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Animas High student honored by Center for Native American Youth

Noah Hotchkiss named Champion for Change
Animas High School student Noah Blue Elk Hotchkiss, 17, tells the story of the founding of the Tribal Adaptive Organization as he is honored as a Champion of Change by the Center for Native American Youth in Washington, D.C. on Feb. 23. Looking on is a fellow honoree, Christie Wildcat, 18, from Riverton, Wyoming. Noah is the son of Jason Hotchkiss and Kimberly Armstrong.

Animas High School student Noah Blue Elk Hotchkiss was honored by the Center for Native American Youth for his work in promoting wheelchair basketball on reservations.

Noah, 17, was named a 2016 Champion for Change for co-founding the Tribal Adaptive Organization with his father, Jason.

“We started with a $10,000 grant from the Billy Mills Running Strong for Native American Youth Dreamstarter program to host wheelchair basketball on the reservations,” Noah said at the awards presentation in Washington, D.C. on Feb. 23. “We wanted to use sports as a tool to change and impact the lives of disabled Native Americans.”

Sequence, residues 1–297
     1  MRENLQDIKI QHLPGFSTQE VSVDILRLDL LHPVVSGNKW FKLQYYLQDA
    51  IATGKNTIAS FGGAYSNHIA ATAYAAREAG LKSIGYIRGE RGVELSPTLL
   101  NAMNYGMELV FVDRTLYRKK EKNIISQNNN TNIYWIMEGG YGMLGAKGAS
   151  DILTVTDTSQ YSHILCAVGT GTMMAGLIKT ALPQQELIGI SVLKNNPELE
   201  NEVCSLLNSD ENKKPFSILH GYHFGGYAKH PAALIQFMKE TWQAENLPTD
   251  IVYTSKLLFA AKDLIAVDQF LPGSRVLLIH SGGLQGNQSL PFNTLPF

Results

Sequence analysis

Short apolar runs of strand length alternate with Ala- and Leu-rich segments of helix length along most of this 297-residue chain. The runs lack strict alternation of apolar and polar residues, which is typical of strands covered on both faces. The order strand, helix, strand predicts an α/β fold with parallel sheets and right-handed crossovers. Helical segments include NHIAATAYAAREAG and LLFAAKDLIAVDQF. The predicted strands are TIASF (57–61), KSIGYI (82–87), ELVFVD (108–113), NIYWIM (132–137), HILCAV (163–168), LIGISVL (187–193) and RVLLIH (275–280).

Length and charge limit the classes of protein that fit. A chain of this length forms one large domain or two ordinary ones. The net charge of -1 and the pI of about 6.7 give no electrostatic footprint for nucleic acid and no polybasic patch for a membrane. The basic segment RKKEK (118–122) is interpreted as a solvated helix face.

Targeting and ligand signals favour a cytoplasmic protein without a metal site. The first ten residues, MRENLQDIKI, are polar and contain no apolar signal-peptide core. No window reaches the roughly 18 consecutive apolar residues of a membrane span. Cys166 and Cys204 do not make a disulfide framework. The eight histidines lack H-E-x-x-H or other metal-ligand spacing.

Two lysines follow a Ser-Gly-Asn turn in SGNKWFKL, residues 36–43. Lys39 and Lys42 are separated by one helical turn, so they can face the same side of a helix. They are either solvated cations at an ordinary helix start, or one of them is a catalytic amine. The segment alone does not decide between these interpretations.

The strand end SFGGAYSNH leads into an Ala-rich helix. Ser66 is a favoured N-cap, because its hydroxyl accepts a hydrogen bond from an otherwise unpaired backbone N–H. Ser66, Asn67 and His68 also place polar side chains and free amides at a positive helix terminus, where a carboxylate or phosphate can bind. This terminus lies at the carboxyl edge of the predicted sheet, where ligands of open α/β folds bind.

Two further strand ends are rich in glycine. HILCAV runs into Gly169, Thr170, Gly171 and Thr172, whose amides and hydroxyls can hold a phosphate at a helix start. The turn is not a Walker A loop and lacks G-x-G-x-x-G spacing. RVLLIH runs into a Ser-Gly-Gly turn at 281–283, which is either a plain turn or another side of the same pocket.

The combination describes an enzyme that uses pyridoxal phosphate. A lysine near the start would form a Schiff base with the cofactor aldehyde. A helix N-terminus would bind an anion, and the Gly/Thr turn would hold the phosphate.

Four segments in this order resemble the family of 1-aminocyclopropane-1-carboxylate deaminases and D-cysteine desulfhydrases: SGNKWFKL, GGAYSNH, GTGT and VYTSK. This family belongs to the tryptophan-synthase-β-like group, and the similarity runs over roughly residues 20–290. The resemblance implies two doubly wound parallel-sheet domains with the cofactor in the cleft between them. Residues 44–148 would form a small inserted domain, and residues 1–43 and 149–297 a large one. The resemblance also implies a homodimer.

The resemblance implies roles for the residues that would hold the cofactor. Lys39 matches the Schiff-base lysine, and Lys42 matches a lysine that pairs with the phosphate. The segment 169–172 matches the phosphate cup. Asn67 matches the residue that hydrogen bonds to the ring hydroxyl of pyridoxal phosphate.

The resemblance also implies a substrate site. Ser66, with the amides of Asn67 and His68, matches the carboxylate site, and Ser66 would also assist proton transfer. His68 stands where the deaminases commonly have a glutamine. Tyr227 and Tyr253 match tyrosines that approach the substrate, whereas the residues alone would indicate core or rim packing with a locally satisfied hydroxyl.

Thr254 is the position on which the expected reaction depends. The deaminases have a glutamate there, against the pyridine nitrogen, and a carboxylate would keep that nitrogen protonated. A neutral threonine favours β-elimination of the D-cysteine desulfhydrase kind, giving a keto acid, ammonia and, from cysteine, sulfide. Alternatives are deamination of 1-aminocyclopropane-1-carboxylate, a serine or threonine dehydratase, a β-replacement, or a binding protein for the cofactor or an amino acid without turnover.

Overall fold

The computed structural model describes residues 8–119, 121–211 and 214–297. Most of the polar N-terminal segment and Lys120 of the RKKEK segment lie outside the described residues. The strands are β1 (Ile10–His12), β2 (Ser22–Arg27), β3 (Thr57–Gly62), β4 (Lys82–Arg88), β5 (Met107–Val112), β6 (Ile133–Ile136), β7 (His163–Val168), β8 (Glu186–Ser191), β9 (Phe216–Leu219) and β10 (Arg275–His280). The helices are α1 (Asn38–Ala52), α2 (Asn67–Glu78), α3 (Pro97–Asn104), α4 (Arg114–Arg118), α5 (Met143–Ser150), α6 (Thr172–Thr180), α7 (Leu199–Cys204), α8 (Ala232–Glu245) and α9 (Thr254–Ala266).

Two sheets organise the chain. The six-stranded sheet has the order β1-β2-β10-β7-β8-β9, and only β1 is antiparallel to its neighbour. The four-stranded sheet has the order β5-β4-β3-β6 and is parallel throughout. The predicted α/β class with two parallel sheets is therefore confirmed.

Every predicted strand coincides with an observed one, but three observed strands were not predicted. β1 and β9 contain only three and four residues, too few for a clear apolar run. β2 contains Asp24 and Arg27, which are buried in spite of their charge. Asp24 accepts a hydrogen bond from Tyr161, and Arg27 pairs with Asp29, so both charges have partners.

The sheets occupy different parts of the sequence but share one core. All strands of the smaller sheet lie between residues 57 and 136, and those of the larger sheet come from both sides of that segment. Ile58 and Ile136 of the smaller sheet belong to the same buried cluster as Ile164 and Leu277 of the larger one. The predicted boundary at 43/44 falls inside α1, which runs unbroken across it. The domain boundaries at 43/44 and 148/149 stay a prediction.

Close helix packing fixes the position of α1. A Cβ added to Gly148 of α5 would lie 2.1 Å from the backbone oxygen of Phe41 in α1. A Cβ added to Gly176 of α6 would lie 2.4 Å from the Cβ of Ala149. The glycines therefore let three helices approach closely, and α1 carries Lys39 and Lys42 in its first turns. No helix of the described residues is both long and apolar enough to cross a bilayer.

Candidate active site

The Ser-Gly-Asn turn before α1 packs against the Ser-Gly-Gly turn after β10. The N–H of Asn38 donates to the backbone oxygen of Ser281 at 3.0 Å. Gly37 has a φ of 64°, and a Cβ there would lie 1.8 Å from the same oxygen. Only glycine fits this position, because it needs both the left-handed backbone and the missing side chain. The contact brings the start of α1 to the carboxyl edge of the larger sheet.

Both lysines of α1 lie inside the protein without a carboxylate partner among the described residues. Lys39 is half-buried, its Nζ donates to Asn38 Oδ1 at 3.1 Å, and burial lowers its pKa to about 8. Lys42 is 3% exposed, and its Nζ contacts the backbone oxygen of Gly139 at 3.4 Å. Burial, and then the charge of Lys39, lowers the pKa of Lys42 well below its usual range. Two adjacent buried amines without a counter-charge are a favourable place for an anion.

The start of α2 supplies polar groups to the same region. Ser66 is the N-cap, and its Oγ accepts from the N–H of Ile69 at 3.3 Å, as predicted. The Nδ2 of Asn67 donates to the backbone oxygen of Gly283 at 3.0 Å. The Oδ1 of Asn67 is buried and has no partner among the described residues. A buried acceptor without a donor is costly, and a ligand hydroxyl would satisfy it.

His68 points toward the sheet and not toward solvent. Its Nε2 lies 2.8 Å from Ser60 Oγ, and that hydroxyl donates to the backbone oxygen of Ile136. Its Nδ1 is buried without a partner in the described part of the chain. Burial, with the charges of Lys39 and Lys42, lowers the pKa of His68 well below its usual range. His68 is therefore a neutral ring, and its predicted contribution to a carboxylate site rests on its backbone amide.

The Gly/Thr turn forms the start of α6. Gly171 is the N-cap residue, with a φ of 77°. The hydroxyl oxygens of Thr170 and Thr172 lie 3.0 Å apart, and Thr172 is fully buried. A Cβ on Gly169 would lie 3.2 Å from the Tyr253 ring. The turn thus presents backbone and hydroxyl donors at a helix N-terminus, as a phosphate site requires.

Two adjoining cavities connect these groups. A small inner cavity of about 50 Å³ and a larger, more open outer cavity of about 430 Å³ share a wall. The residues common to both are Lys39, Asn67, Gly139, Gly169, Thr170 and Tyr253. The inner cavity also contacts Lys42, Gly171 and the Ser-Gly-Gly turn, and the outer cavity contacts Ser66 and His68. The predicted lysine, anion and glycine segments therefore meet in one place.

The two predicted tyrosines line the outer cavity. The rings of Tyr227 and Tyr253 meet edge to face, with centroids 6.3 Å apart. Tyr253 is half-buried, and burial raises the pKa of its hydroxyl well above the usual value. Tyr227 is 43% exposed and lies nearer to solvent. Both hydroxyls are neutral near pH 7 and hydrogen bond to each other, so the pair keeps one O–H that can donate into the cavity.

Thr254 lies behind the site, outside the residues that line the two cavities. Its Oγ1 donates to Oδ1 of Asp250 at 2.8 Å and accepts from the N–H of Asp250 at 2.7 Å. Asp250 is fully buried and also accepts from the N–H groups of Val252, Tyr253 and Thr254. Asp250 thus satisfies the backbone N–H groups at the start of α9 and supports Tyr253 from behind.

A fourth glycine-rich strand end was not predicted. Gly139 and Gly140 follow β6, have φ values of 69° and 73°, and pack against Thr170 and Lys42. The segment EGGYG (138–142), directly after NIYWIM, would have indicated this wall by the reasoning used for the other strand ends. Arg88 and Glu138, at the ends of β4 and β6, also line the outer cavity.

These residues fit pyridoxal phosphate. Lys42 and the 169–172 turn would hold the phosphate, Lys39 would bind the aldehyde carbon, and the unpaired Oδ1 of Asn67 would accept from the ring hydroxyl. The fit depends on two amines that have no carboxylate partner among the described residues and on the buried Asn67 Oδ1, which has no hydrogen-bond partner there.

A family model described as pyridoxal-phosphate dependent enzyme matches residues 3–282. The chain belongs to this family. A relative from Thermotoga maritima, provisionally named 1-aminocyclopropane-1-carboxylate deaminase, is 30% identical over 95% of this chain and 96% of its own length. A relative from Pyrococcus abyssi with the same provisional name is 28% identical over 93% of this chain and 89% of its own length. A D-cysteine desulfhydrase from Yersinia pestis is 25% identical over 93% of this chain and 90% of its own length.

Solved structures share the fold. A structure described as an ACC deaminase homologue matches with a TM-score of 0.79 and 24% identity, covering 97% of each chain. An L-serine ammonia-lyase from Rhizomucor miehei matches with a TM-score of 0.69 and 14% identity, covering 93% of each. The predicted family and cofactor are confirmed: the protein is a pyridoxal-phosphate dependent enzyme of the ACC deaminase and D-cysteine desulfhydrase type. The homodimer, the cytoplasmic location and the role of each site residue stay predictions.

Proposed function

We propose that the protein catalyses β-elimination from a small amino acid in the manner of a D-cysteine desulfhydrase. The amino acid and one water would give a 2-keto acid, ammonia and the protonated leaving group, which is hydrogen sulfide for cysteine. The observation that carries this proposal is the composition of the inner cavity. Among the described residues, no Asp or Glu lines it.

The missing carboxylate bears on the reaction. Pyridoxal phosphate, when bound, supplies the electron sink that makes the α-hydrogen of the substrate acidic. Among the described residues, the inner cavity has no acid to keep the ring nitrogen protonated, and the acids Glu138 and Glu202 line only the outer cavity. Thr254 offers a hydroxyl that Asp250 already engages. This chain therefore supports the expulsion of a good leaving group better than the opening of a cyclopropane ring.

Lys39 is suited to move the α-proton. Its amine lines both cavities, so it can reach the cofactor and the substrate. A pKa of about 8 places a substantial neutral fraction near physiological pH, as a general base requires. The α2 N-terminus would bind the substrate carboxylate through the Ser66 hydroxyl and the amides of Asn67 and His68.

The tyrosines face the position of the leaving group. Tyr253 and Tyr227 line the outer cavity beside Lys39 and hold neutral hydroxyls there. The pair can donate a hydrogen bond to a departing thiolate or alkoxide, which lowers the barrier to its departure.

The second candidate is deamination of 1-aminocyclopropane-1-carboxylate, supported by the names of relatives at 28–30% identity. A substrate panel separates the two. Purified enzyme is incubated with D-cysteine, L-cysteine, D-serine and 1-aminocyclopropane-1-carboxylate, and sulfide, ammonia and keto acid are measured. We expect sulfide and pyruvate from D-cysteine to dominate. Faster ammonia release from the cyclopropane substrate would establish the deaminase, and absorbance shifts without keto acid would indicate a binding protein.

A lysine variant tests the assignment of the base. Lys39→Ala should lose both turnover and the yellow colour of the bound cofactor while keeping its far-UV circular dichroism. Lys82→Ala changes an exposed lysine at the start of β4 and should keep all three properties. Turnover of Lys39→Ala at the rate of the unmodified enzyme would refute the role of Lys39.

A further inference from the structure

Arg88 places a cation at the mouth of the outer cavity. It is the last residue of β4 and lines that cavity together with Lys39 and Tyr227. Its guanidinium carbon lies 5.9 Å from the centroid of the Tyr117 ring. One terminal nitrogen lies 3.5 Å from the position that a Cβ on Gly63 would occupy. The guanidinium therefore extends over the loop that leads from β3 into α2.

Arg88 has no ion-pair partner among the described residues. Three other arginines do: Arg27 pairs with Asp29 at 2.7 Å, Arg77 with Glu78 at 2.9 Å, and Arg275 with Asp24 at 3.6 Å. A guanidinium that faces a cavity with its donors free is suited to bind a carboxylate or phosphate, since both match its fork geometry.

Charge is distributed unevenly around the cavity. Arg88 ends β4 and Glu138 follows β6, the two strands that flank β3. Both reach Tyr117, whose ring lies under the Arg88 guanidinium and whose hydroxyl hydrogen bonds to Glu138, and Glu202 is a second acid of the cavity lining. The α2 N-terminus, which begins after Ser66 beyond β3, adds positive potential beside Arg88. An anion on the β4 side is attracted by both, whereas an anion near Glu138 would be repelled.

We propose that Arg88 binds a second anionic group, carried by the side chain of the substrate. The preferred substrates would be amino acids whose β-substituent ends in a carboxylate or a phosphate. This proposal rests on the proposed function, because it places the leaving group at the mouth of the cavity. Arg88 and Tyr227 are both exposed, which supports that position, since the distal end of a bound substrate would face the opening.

Noah has used a wheelchair since 2009, when his family’s vehicle was hit head-on by a driver who had fallen asleep at the wheel. His stepmother, Cassandra Yazzie-Hotchkiss, was killed, and his younger siblings, Dante Hawkins and Amada Hotchkiss, were seriously injured in the crash.

“In the hospital, finally realizing I couldn’t use my legs, I couldn’t walk, when I used to play soccer, I used to play basketball, it really impacted me,” Noah said. “I was really into sports. It made me feel like I had no value in this world anymore.”

His dad, he said, made him go rafting and camping, and eventually took Noah skiing with the Durango Adaptive Sports Association. After attending wheelchair basketball camps, Noah said he was pushed to go further by other wheelchair-using athletes.

“As I look back at it now,” he said, “after all those experiences, our team, the Phoenix Suns wheelchair basketball team, is the No. 1-ranked team in the country, and I’m the fastest under-21 monoskier in the world.”

Noah is pursuing championships in multiple sports, he said.

“I’m not seeing barriers I can’t get over anymore, but I’m seeing barriers I can overcome,” he said. “Now I’m always up for challenges.”

The center, a policy program at the Aspen Institute, hosted a series of events in Washington, D.C., to honor the five young leaders selected for 2016.

While in the nation’s capital, they met with U.S. Department of the Interior Secretary Sally Jewell, Supreme Court Justice Sonia Sotomayor, White House staff, members of Congress and other federal agency officials, where they discussed the challenges their Native American peers face across the country.

“Being recognized as a Champion for Change by the Center for Native American Youth was an amazing experience,” Noah said, “and I’m motivated to expand my efforts and make an even greater impact in my community.”


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